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Measurement of central venous pressure is associated with better outcomes in septic patients: a retrospective observational study [post]

2020 unpublished
KEYWORDS central venous pressure, sepsis, lactate, 28-day mortality 2 Abstract Purpose: With the proper insights, measurement of central venous pressure (CVP) can be a useful clinical aid. However, the formal utility of CVP measurement on mortality in septic patients has never been proved. Methods: The Medical Information Mart for Intensive Care III (MIMIC-III) was applied to identify septic patients who had and did not have CVP measured. The primary outcome was 28-day mortality. The
more » ... ity. The statistical approaches including multivariate regression, propensity score matching (PSM) and an inverse probability of treatment weighing (IPTW) and causal mediation analysis (CMA) were utilized to elucidate the relationship between CVP measurement and 28-day mortality. Results: A total of 10275 patients were included in our study, of which 4516 patients (44%) had CVP measured within 24 h after ICU admission. A significant beneficial effect of CVP measurement in terms of 28-day mortality was observed (OR 0.60 (95% CI 0.51-0.70; p<0.001)). Patients in CVP group received more fluid on day 1, had a shorter duration of mechanical ventilation and vasopressor use, and the reduction of serum lactate was higher than that in the no CVP group. The mediation effect of serum lactate reduction was significant for the whole cohort (p=0.04 for average causal mediation effect (ACME)) and patients in the CVP group with an initial CVP level below 8mmHg (p=0.04 for ACME). Conclusion: CVP measurement is associated with a lower risk-adjusted 28-day mortality among patients with sepsis, which is proportionally mediated through serum lactate reduction. Intensive care medicine 2016, 42(3):458-459. 10. Legrand M, Soussi S, Depret F: Cardiac output and CVP monitoring... to guide fluid removal. Critical care (London, England) 2018, 22(1):89. 11. Vallee F, Mari A, Perner A, Vallet B: Combined analysis of cardiac output and CVP changes remains the best way to titrate fluid administration in shocked patients. Intensive care medicine 2010, 36(6):912-914. 12. Mallat J, Reddi BJ: Do not abandon monitoring the central venous pressure England) 2018, 22(1):43. 27. A, Pinsky MR, Teboul JL et al: Consensus on circulatory shock and hemodynamic monitoring. Task force of the European Society of Intensive Care Medicine. Intensive care medicine 2014, 40(12):1795-1815. 28.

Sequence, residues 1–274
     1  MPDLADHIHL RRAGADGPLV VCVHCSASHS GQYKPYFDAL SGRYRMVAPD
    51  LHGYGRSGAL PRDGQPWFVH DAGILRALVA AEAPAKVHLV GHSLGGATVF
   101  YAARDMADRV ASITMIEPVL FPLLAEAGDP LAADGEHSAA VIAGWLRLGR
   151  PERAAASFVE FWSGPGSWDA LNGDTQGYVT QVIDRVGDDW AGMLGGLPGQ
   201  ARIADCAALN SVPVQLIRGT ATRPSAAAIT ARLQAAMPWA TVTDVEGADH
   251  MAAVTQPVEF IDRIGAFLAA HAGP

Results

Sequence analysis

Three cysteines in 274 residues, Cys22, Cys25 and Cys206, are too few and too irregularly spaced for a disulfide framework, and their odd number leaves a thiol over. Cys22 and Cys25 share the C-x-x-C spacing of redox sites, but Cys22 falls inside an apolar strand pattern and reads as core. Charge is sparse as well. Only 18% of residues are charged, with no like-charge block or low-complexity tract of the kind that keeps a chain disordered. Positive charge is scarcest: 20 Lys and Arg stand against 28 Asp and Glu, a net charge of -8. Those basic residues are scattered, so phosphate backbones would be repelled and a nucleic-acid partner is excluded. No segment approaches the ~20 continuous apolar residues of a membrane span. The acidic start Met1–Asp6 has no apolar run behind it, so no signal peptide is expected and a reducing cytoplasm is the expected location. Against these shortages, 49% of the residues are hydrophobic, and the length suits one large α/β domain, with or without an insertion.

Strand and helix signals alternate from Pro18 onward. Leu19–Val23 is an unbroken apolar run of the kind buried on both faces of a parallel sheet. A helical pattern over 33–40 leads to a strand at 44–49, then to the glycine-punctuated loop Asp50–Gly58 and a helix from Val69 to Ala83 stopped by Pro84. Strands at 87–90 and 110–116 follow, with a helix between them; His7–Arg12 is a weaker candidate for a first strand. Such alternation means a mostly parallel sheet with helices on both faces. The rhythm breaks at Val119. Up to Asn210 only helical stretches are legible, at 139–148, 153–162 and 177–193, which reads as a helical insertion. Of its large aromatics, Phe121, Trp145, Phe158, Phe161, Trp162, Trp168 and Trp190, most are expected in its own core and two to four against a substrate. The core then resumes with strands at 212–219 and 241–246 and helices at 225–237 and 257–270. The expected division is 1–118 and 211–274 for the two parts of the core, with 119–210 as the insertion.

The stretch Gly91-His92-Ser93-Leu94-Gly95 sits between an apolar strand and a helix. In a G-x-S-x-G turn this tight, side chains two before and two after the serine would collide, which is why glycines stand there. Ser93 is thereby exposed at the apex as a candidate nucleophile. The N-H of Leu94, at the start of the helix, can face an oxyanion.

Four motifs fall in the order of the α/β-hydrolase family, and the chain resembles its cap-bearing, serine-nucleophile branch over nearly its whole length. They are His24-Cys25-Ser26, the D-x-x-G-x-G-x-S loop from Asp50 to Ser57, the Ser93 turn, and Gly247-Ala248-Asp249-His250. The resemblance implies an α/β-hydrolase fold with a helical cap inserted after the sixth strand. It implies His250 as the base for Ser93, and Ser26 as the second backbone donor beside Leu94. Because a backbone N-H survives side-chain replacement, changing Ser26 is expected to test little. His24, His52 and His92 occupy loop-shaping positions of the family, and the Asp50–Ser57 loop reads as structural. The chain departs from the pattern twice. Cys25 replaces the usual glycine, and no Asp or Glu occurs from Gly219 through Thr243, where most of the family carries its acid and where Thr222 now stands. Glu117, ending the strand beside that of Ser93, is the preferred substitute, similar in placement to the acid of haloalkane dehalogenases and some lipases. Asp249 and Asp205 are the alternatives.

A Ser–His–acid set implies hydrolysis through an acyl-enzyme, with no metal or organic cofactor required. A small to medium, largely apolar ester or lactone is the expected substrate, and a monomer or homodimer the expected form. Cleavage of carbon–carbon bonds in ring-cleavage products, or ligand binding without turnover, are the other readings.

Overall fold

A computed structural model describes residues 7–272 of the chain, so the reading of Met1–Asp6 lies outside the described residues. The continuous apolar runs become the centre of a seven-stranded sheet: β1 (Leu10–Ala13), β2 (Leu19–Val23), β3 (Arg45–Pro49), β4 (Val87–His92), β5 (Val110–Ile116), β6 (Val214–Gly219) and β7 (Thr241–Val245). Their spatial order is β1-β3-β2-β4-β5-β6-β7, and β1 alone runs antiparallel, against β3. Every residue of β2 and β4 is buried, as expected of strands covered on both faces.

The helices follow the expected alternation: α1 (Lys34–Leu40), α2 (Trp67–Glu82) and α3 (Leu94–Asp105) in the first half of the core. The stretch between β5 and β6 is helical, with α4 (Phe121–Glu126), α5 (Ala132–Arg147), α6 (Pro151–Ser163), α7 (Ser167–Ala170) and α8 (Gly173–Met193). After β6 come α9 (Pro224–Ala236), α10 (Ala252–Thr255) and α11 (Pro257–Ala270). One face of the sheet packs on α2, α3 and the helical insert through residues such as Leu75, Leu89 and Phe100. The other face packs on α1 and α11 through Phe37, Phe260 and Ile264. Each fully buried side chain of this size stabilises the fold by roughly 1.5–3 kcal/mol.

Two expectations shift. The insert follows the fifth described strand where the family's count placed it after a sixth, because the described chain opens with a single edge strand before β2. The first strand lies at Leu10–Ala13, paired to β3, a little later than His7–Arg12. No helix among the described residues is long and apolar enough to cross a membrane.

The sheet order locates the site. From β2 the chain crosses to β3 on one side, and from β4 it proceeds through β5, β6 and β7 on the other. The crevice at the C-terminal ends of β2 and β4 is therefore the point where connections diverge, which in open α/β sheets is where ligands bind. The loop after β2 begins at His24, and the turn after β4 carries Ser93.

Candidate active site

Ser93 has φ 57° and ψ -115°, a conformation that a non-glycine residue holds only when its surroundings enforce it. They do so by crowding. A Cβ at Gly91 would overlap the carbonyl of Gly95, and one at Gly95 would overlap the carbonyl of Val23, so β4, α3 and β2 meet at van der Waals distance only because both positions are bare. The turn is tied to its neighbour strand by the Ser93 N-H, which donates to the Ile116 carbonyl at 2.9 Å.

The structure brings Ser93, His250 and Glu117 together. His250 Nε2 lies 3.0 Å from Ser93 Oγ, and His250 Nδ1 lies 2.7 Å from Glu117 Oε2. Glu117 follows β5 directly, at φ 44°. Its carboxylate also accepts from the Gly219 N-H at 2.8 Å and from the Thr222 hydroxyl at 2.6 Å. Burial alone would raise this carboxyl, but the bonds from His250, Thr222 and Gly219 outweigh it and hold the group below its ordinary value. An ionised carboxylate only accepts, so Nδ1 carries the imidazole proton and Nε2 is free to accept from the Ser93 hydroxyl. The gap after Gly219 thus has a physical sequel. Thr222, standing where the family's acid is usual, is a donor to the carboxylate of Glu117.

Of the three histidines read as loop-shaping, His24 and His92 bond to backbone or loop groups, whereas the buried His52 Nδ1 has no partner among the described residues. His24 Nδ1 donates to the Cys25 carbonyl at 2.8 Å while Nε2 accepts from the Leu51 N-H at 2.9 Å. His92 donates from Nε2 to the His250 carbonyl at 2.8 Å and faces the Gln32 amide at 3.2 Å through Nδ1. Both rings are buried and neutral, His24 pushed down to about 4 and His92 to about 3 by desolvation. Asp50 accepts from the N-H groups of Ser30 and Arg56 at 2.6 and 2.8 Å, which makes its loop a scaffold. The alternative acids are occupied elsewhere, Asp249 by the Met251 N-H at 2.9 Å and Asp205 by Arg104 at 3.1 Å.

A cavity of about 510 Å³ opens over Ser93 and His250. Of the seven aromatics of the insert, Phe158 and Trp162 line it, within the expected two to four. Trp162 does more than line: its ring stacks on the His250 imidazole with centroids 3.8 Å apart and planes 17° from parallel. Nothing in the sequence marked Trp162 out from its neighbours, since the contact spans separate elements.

doi:10.21203/rs.2.24067/v1 fatcat:b3ba77ulczej7o2sco2iyv7s2y